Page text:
CM . . . . Volume XVIII Number 10 . . . . November 4, 2011
François Thisdale is best known as an illustrator, and Nini is the first book he has written. Nothing has been lost in the translation from the original French version. The poetic story of adoption, love, and family complements the soft illustrations which tell half of the story and set the mood on each page. This is Thisdale's personal story, and the black smudging around the edges of each page give the impression that readers are experiencing each step of the journey through his eyes.
The story starts in China, with the unborn child connecting with the birth mother in the womb. All the child knows is "the voice" and the yet-unnamed feeling of love. When the child is born, she experiences kindness but misses the connection and love of real family in the orphanage. In Canada, a couple tries to conceive, unsuccessfully. Eventually, the couple and the child meet in China and return to Canada. The story ends years later, in reflection and gratitude.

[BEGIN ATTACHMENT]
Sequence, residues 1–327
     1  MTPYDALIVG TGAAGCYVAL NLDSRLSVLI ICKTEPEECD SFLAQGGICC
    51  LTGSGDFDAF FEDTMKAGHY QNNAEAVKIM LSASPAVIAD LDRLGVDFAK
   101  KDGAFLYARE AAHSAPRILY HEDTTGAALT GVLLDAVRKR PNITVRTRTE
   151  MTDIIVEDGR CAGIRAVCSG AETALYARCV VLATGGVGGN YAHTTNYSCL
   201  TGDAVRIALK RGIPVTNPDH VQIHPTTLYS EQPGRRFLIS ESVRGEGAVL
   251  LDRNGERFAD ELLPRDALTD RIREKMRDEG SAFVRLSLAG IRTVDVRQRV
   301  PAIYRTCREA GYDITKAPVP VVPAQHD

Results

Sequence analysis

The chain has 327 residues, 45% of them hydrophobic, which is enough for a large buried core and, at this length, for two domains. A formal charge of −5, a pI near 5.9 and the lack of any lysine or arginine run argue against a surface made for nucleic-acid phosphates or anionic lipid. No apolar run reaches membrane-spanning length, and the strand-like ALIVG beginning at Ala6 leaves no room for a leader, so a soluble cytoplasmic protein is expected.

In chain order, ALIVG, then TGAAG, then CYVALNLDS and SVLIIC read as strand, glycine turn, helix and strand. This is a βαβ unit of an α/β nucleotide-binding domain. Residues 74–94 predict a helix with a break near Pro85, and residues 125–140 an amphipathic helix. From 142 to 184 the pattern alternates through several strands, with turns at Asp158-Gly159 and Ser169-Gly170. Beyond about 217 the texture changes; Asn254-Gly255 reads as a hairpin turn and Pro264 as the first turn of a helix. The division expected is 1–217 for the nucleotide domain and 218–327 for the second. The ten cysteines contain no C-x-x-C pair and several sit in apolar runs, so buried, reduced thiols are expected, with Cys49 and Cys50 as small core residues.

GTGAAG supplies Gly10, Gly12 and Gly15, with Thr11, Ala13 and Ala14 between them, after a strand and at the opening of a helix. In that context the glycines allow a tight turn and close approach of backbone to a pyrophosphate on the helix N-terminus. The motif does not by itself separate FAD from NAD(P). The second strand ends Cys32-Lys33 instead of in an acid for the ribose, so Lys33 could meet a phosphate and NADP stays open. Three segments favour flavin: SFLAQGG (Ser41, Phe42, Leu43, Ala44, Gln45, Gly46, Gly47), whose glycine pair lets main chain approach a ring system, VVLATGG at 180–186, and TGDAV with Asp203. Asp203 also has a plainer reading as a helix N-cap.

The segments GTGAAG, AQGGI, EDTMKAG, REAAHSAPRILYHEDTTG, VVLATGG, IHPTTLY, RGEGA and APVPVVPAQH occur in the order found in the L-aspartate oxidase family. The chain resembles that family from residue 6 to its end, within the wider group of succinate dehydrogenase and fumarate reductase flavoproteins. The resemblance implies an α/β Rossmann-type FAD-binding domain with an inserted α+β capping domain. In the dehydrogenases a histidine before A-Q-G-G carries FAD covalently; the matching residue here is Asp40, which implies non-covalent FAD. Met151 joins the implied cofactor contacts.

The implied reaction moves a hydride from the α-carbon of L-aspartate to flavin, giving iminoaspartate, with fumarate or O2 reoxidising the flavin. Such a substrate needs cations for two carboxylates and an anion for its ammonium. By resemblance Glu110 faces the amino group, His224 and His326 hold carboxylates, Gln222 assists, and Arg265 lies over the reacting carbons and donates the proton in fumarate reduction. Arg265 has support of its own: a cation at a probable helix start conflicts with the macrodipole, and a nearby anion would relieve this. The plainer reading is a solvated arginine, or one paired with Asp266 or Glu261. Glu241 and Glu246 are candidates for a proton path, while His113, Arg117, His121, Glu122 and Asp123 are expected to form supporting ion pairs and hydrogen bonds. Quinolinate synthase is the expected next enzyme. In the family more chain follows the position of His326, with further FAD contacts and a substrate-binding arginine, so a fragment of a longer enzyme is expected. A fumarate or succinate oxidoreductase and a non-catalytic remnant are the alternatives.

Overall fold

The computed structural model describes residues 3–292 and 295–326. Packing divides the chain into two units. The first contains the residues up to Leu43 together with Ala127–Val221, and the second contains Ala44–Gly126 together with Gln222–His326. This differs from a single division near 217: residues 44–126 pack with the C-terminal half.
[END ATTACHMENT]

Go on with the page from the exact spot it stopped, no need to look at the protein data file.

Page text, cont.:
In Nini, adoption is portrayed as a gift. It gets close to the sentimental line, though never completely crossing it. There is honesty about the fear and loneliness in the orphanage and hints at the difficulty of being raised in a different culture. But the story is overwhelmingly positive.
Through his illustrations, a combination of drawing, painting, and digital images, Francois Thisdale captures the geography and cultures of both Canada and China while evoking emotions as varied as love, fear, sadness, gratitude and joy.
Despite its picturebook format, this story is as much (if not more) for adults than for children. It captures both the complexity and simplicity of adoption, while telling a recognizably Canadian story. Every parent will be moved by Nini, and children of adoption will recognize themselves in the story of Nini. It is an excellent starting point for parents who want to discuss the topic of adoption.
Barb Janicek is a Children's Librarian with Kitchener Public Library, in Kitchener, ON.
on this title or this review, send mail to firstname.lastname@example.org.
Copyright © the Manitoba Library Association. Reproduction for personal
use is permitted only if this copyright notice is maintained. Any
other reproduction is prohibited without permission.